Renouncing U.S. citizenship for tax purposes is something you shouldn’t do in a hassle. Before making such a life-changing decision, you must weigh all of your options. Some expats renounce their U.S. citizenship to stop paying taxes. It also relieves them from filing tax returns, a process that is complicate in itself.
It is important to keep in mind that renouncing your U.S. citizenship means that you may still have to pay taxes, depending on your financial situation. Therefore, if you know any family member or close friend who is contemplating renouncing U.S. citizenship for tax purposes, tell them to consult with a reputable tax preparation company first. For this purpose, call us today for guidance. We have been serving a wide range of clients for many years, and we can resolve any tax-related issues.
Procedure for Renouncing Your U.S. Citizenship
If you have made up your mind about renouncing your U.S. citizenship, you need to request for a Certificate of Loss of Nationality from a U.S. Consulate. Before moving further, you must know that you are applying for renunciation—not relinquishment of citizenship, a process for which you have to perform an expatriating act.
For instance, an act that is commonly interpreted as relinquishment of citizenship is the decision to join another country’s army. Meet with an employee in the consulate and inform them about your decision to renounce your U.S. citizenship. The rest of the process is fairly straightforward.
Earlier, renouncing U.S. citizenship was free, but as of now, you are required to pay $2,350 for the entire procedure. Although some expats view this fee as a discouraging factor from proceeding with the renunciation process, there are those who consider it as a fair trade to relieve them from U.S-based taxes.
Motivations behind Renouncing U.S. Citizenship for Tax Purposes
As explained before, the first and foremost reason behind renunciation is to save yourself from the U.S. tax regulations. Lately, the addition of fees and other layers have made it hard for Americans to manage their taxation from overseas.
For example, take the FATCA (Foreign Account Tax Compliance Act), a tax reform that came into effect in 2010. This reform has encouraged many to renounce their citizenships. This is because the law takes into account the property, bank accounts, and financial assets of U.S. citizens that are stashed abroad. FATCA enforces citizens to document these financial accounts. Even if these citizens have any notable ownership in a foreign company, they must report it as well.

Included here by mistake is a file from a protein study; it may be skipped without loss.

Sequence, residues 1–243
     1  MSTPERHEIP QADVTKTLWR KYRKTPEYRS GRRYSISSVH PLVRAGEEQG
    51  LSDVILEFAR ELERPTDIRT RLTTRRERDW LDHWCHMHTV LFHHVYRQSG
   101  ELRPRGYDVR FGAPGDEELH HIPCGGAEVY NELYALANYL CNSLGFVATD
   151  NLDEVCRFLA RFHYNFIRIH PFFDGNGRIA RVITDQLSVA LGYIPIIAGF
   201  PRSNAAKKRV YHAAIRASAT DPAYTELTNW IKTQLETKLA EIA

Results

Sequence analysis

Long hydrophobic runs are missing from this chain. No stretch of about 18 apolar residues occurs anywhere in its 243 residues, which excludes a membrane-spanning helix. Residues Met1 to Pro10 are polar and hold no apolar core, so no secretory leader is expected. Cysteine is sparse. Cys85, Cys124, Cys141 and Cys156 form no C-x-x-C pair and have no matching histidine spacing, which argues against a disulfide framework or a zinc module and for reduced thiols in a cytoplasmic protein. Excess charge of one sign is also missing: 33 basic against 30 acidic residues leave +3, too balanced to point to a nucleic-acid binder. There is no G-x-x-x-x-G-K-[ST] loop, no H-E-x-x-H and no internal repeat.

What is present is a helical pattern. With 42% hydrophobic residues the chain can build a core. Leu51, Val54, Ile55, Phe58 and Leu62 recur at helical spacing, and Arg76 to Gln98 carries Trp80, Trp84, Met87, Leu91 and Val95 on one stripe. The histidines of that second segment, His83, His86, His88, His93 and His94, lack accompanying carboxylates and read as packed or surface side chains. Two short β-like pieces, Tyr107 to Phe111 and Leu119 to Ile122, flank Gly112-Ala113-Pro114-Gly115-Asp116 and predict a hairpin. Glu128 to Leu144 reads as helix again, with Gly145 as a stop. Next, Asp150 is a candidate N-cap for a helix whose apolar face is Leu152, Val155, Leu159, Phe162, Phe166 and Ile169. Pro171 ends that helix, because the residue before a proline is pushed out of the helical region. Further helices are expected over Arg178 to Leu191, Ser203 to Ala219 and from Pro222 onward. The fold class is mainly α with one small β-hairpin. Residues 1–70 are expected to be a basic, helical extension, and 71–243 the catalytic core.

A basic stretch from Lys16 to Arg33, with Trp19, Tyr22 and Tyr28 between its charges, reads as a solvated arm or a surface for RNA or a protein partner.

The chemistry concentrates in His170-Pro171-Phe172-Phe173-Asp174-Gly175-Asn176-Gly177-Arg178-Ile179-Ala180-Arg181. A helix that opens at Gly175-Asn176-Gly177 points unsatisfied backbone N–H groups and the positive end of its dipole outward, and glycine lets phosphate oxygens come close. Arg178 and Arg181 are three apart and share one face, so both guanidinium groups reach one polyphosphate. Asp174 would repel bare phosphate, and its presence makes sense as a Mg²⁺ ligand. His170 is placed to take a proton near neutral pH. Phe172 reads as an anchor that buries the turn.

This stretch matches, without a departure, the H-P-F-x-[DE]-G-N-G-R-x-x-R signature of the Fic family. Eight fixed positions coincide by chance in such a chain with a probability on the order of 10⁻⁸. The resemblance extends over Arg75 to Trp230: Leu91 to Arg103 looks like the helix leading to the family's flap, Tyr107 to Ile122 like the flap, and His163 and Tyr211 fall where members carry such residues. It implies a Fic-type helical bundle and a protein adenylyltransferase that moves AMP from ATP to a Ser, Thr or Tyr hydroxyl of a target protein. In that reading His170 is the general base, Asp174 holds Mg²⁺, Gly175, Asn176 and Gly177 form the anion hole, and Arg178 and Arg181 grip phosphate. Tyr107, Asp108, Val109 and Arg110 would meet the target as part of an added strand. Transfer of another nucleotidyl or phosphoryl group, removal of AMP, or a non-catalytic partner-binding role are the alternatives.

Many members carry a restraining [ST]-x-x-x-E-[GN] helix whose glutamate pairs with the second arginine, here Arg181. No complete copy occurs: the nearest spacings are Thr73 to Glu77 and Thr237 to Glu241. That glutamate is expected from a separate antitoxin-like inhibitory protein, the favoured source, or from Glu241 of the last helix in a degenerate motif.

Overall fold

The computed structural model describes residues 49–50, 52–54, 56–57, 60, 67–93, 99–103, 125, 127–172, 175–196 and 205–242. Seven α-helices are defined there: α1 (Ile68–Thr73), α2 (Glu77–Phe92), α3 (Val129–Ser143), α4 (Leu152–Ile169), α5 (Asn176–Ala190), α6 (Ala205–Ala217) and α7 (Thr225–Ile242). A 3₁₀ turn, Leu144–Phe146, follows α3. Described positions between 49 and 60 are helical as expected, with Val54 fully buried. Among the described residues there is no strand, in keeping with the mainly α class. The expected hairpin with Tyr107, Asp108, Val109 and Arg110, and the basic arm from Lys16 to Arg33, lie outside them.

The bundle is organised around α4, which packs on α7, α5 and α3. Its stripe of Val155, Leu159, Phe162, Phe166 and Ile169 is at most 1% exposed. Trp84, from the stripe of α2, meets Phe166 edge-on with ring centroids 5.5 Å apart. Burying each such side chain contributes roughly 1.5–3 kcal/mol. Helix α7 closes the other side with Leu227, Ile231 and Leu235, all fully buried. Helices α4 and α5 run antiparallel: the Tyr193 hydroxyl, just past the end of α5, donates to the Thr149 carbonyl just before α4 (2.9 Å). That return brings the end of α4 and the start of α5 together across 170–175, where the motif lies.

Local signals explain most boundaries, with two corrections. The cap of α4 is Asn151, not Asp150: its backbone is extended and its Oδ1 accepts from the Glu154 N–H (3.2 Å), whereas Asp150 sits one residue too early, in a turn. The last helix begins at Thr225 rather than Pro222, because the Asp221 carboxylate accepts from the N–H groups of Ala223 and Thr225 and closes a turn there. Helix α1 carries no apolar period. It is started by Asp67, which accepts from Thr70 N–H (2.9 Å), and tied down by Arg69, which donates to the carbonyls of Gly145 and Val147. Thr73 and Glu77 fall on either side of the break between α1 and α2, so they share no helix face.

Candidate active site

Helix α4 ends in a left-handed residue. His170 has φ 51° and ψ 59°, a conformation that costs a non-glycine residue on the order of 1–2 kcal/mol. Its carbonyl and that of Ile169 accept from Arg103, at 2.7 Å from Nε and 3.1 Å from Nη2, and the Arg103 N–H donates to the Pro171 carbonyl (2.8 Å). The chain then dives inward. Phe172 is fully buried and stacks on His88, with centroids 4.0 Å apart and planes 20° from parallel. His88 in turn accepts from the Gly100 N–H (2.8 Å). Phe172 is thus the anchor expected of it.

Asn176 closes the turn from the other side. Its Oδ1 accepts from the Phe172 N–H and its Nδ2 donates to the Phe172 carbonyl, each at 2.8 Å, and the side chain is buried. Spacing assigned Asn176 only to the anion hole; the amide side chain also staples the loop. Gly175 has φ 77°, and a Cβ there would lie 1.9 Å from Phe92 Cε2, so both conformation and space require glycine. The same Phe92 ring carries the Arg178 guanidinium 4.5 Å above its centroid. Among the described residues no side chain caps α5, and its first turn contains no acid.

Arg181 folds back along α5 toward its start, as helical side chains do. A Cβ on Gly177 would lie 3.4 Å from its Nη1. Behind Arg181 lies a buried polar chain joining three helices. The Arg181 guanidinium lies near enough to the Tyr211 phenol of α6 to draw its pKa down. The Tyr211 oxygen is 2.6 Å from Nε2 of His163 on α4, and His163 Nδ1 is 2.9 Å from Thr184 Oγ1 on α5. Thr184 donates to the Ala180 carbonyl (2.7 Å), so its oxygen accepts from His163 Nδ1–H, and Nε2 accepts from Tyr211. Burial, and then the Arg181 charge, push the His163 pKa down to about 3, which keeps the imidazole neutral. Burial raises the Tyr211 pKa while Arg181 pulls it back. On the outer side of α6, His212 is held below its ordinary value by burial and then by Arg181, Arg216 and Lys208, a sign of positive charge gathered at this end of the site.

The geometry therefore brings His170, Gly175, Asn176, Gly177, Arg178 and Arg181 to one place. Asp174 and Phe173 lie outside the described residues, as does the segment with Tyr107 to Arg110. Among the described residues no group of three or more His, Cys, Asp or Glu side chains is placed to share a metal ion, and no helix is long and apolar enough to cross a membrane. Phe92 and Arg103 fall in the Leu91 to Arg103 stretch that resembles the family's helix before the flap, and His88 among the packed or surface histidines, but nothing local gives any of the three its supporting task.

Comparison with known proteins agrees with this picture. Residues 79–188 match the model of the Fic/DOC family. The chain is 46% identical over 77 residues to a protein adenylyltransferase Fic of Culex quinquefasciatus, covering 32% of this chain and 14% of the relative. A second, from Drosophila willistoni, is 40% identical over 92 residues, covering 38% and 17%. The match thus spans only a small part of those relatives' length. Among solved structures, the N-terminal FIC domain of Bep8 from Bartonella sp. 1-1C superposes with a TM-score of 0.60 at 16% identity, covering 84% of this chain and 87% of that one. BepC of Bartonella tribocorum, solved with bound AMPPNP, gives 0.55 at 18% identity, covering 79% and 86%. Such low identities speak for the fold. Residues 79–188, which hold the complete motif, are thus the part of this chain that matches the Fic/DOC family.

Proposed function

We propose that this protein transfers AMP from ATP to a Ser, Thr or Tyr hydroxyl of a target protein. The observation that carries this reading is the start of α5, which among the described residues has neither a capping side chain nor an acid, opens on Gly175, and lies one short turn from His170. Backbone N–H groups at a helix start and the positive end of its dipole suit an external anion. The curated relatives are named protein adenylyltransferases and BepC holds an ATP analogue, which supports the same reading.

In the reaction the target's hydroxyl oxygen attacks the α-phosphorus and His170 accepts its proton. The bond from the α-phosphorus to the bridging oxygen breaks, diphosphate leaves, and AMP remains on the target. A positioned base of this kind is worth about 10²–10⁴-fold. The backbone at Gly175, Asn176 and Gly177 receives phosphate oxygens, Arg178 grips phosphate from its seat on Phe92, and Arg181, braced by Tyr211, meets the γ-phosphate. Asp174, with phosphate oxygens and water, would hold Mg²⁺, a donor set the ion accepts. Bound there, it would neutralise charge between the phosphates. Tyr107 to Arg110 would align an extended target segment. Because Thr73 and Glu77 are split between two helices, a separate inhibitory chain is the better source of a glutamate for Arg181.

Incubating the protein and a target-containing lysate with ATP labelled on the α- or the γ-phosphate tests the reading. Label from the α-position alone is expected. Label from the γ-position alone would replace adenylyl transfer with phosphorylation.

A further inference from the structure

Double taxation is another issue that tilts citizens towards renouncing U.S. citizenship. The taxation system in the U.S. enforces taxes on anyone with citizenship, including those who live and earn their livelihood abroad. Therefore, as a U.S. citizen who just moved abroad for work, you are required to pay taxes in both the U.S. and your new country.
However, one thing that many people are unaware about is that renouncing your U.S. citizenship does not instantly allow you to avoid taxes. For instance, after renouncing your U.S. citizenship, you have to file a Form 8854 and submit a copy to the Department of Treasury. Moreover, you also have to submit a proof of your tax returns for the last five years.
The purpose of this filing is to evaluate if, as a covered expat, an exit tax applies on the distribution of your assets. To verify your status as a covered expat, you have to satisfy the following conditions:
- On average, the tax liability for your annual net U.S. income in the last five years (preceding the renunciation year) is more than $165,000.
- On your expatriation day, you need to have a net worth of $2 million or more.
- You were not negligent with your tax filing in the last five years preceding the renunciation year.
If you want to become a covered expat before renouncing your U.S. citizenship, you are required to pay an exit tax. The initial capital gains worth $713,000 are not taxed; however, even then, a huge tax bill may await you.
In some cases, it is possible that you can avoid paying such taxes on your income and assets while renouncing your U.S. citizenship. For instance, citizens carrying American and Canadian nationalities are exempt from these taxes. On a similar note, if you have not passed 18½ yet, you can avoid these tax obligations while renouncing your U.S. citizenship. Keep in mind that both of these exemptions only apply if you lived outside the U.S. for the past 15 years. Additionally, you also have to show proof of proper tax filing in the last five years.
Renouncing your U.S. citizenship for tax purposes brings several benefits to the table like saving yourself from the double taxation. However, in most cases, renunciation is irreversible. Hence, you must check which citizen-based rights you are sacrificing in exchange for tax relief so you can make an informed decision in the end.